The same is true when it comes to proficiency in business development. The business development gene thrives on education – learning how the process works and recommended steps to success. But just as you cannot become a proficient lawyer by taking classes or reading books, you cannot gain experience in business development by just reading a book or taking a seminar.
You actually have to go out and do it, but you will feel more comfortable doing so if you’ve educated yourself and given yourself the tools and training to attend networking events, have lunch with a prospective client or cultivate a referral source.
It’s easy to educate yourself, since millions of words have been written about building networks and professional relationships, much of it directed specifically at lawyers. Avail yourself of some of this material, as well as the seminars and workshops around town. Knowing what you are supposed to do can give you a lot more confidence, even if you haven’t done it.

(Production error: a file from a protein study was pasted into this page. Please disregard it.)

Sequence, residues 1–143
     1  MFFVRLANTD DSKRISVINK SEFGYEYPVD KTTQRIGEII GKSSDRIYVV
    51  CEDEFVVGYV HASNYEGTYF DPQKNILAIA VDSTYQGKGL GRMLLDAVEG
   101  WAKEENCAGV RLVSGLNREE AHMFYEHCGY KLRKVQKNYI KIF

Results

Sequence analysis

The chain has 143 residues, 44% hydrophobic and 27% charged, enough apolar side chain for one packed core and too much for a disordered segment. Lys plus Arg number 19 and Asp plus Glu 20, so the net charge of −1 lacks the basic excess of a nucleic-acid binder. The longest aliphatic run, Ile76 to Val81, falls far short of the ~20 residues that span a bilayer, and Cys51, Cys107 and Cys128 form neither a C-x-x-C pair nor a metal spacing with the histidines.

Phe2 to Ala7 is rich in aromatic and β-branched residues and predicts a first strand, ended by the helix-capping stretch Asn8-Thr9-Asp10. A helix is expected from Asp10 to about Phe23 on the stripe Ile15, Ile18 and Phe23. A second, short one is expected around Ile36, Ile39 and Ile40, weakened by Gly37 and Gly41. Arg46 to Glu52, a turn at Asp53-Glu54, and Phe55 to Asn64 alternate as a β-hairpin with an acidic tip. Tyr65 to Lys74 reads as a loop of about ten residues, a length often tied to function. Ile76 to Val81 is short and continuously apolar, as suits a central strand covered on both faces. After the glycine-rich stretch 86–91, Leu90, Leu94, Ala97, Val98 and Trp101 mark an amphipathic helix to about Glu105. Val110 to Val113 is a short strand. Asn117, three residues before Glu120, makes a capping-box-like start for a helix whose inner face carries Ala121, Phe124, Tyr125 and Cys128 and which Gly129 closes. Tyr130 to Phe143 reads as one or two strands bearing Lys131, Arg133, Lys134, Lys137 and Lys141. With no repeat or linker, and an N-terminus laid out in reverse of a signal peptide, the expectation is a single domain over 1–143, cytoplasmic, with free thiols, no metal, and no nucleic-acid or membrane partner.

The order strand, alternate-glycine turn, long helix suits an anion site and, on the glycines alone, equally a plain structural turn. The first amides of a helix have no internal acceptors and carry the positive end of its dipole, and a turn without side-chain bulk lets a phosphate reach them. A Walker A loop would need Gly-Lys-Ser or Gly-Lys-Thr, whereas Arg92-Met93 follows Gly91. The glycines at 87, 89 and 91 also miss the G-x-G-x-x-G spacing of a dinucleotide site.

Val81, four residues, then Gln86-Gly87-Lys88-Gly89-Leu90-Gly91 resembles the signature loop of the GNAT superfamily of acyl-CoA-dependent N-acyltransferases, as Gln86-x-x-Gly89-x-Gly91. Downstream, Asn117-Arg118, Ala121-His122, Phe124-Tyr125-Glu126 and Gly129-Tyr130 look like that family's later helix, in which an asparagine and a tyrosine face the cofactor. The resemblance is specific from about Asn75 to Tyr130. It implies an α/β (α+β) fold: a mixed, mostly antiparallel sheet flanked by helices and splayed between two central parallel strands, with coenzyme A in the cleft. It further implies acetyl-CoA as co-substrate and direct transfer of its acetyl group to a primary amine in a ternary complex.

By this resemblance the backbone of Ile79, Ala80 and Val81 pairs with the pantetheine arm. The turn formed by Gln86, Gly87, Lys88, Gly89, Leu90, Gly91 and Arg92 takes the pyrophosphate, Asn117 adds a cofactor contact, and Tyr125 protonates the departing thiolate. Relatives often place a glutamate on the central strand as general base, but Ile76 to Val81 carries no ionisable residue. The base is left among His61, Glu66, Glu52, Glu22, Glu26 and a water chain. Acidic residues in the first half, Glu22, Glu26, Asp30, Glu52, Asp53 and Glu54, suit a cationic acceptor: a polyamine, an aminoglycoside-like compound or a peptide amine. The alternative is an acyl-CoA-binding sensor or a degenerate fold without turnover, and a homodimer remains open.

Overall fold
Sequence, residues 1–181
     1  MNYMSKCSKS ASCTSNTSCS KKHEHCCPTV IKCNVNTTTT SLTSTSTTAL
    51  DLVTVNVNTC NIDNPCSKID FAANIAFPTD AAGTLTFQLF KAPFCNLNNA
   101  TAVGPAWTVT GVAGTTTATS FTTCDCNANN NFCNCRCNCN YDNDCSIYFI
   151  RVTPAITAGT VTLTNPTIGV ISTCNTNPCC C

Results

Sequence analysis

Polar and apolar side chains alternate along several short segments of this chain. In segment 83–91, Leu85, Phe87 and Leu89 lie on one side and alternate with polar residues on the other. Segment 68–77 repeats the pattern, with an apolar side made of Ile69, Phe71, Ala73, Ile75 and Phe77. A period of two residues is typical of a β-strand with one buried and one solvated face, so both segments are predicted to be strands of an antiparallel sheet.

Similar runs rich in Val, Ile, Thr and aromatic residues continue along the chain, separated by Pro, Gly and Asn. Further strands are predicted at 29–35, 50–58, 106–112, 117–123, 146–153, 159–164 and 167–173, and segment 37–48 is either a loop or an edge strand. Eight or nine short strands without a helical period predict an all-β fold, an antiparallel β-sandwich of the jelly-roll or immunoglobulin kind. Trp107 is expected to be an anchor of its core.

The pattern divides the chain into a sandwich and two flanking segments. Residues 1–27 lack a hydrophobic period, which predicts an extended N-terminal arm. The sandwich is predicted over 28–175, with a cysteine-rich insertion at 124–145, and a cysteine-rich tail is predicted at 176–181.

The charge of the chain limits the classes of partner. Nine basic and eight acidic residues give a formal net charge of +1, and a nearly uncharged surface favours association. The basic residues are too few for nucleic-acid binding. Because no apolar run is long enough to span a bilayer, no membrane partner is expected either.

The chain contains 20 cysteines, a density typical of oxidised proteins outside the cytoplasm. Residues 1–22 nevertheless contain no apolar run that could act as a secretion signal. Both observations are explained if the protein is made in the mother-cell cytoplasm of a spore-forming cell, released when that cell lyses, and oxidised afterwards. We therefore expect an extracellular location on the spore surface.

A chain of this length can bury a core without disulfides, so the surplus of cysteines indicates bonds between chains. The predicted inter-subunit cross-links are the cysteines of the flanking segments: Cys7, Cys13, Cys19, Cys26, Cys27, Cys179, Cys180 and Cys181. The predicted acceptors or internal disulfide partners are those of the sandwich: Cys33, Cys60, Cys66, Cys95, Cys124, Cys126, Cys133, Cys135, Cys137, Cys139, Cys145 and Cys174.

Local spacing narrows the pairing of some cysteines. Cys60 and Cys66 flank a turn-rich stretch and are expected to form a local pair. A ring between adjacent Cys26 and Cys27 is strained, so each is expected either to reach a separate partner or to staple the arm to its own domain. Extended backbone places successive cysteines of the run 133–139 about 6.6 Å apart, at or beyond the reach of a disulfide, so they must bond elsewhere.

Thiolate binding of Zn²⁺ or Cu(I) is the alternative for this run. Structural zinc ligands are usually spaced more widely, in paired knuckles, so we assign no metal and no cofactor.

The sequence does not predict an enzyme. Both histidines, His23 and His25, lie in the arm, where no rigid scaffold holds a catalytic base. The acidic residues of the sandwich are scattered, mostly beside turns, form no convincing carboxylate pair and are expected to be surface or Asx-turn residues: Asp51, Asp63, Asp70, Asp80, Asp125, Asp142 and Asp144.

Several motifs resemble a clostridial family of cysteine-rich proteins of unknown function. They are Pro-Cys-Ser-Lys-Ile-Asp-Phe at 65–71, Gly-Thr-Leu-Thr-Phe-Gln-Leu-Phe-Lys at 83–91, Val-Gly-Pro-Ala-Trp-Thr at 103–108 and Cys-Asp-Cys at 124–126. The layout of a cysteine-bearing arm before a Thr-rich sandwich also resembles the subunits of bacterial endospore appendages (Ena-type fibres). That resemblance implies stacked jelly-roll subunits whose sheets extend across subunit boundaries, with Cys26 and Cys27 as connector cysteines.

• Create a business development plan. Not knowing what you want to accomplish, or where to go to accomplish it, significantly impedes gene development. Fortunately, just a short amount of quality “think” time can help overcome this obstacle.
Start by developing a plan: nothing voluminous, just one or two pages of bullet points that outline the kinds of clients and business you want to attract, specifying their industry, geography, revenues or other information as relevant.
As you research and zero in on your ideal market, don’t be afraid of excluding some types of businesses by targeting a specific area, e.g., biotech firms with revenues of more than $3 million in the greater Los Angeles area. The more you focus your efforts, the farther your marketing investment of both time and money will go.